Besides the constant gunfire and tank traffic that marks every evening and night, things have been calm in Rafah. I’m sure you’ve all read about the sieges on Gaza City and Beit Hanoun, very tragic and difficult for us knowing that we are only a few kilometers away and can do nothing. It stresses my family out, we watch the news together each night and they try and tell me what has happened that day.
I say “my” family, as I’ve grown an incredible attachment to them. We almost had to leave the house due to a lack of internationals, but we felt that it was impossible to do so right after the invasion a little over a week ago. Shortly, more internationals arrived and we’ve been able to keep our commitment.
The family speaks hardly any English, and Laura and I hardly any Arabic, but we get along just fine. The children especially love us, and my guitar. We play for hours each night until they pass out around 9pm. Monsuer (11), the oldest boy, and I have a special connection. He’s remarkably creative, and has taken to numerous craft projects.
He’s constructed a cardboard drum set to go along with my guitar, and makes use of glass cups and metal objects to improve the diversity of his rhythm. He’s also been making random things out of popsicle sticks and paint. The oldest girl, Esma (13) is a remarkable artist, and draws interpretive portraits like something you would see in a modern art museum.
Nahed is clearly the matriarch of the house. She is phenomenally strong-willed, and her children have picked it up, leading to constant show-downs. She will sometimes hit them with firm plastic tubing, like they use to whip donkeys, but Laura and I have taken to confiscating this weapon and hiding it from her. Things are more peaceful when we do this.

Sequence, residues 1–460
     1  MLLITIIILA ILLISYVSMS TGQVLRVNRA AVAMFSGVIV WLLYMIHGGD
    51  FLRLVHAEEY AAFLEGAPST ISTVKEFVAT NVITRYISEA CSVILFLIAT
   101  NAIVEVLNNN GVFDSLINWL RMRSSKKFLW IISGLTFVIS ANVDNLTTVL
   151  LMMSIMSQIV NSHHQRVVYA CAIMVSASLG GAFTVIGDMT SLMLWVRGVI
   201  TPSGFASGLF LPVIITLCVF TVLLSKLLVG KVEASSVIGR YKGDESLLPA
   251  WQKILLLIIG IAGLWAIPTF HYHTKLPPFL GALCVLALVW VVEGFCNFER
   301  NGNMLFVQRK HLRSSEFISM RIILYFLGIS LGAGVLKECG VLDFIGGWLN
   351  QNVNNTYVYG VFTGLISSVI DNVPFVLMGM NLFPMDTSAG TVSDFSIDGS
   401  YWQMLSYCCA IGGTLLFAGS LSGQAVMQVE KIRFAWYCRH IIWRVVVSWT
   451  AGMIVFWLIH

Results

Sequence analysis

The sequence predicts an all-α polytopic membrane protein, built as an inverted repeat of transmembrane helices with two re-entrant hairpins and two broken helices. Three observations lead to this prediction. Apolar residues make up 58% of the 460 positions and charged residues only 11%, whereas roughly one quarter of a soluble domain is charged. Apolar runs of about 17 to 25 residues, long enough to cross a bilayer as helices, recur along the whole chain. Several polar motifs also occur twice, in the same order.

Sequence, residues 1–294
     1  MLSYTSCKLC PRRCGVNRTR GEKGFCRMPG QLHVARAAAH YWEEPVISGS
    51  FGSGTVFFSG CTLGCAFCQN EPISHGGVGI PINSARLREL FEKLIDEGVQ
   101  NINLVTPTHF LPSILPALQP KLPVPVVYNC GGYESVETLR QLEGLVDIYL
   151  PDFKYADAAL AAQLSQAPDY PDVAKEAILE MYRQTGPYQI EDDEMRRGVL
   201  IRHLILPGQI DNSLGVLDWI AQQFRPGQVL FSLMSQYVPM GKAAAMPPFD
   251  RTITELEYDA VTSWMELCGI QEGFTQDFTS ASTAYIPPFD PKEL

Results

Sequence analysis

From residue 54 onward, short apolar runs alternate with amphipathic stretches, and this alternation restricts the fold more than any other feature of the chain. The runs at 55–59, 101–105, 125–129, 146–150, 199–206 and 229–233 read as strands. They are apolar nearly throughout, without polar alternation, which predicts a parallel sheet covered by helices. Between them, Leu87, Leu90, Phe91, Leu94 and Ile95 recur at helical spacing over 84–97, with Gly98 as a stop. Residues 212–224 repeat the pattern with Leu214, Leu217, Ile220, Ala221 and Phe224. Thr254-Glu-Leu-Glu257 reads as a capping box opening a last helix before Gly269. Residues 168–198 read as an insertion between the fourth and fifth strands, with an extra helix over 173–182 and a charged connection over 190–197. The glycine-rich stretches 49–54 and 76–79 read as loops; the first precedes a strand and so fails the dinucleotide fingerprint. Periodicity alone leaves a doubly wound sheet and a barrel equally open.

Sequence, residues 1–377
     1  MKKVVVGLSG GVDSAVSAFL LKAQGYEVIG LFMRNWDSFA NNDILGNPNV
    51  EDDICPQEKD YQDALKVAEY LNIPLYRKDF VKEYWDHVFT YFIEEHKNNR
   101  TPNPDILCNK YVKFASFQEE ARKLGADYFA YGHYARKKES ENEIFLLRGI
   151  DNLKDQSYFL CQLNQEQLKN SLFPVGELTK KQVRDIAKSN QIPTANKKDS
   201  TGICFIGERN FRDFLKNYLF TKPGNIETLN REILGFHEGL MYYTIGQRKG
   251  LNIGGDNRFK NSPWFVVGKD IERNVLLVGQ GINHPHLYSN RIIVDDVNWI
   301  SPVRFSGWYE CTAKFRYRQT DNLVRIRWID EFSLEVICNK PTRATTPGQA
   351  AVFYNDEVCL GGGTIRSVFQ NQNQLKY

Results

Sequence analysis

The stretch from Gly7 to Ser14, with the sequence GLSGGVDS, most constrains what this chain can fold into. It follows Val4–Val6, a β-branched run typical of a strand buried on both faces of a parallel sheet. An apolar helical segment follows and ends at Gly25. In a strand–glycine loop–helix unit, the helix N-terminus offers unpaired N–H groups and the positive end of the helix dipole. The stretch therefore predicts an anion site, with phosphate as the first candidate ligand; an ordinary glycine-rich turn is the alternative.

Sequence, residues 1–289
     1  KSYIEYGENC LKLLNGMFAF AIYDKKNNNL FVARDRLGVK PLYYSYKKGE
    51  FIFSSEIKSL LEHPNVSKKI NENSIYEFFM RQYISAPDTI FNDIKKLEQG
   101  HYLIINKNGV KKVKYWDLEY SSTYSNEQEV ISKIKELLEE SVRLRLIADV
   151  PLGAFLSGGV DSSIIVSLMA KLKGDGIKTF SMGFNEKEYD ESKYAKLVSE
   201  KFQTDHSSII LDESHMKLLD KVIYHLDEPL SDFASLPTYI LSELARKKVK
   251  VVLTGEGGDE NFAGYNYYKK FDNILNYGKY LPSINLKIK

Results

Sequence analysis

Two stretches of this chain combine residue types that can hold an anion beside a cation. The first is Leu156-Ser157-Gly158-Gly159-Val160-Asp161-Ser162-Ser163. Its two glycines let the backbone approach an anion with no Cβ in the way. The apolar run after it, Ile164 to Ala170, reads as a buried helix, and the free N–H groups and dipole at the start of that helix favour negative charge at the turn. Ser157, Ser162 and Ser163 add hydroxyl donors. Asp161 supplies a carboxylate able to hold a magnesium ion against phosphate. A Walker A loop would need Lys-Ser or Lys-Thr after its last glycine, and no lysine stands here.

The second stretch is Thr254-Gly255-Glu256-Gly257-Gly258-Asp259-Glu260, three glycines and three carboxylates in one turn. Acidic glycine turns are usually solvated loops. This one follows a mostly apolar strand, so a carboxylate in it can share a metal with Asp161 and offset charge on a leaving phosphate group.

Their house is equiped with a large sand box, as an Israeli tank fired a large shell, like the kind used for blowing up other tanks, at their house and it has left a hole in the floor and wall the size of a small car. The children play with the sand and broken tile, and often use this hole as a sort of back door.
Outside their new entrance is a now empty field, which used to contain orange trees. I am told that there were over 30 but Israeli bulldozers destroyed them all, a tragically all-too-common attack on these people’s livelihood.
A common topic of conversation has been the United States’ War on Iraq. I am incredibly defensive about this topic, as I feel some sort of responsibility for it, as it’s my government with my taxes and my country potentially benefiting from the war. I become rather indignant about the whole thing, probably also in attempts to make sure that they know where I stand.
After we learned that Baghdad had been invaded, and saw video of U.S. tanks driving around the streets unapposed, I asked, “Where are the Iraqi soldiers?” They said they didn’t know, and I said that I hoped they were hiding somewhere, and planning a massive attack to take back their country.
They corrected me quickly, and said that the U.S. soldiers aren’t bad, and shouldn’t have to die, that it is Bush and other big leaders that are the problem.
It couldn’t be more humbling to have these people, that face such constant violence from foreign soldiers, make the distinction between soldiers and their leaders. What an incredible amount of humanity they’ve been able to maintain. I can only learn from their example.
Joe Smith is an American activist from Kansas City, Missouri, based with the International Solidarity Movement in Rafah, occupied Gaza. He was a friend of Rachel Corrie’s and was with her when she was crushed by an Israeli bulldozer on 16 March 2003.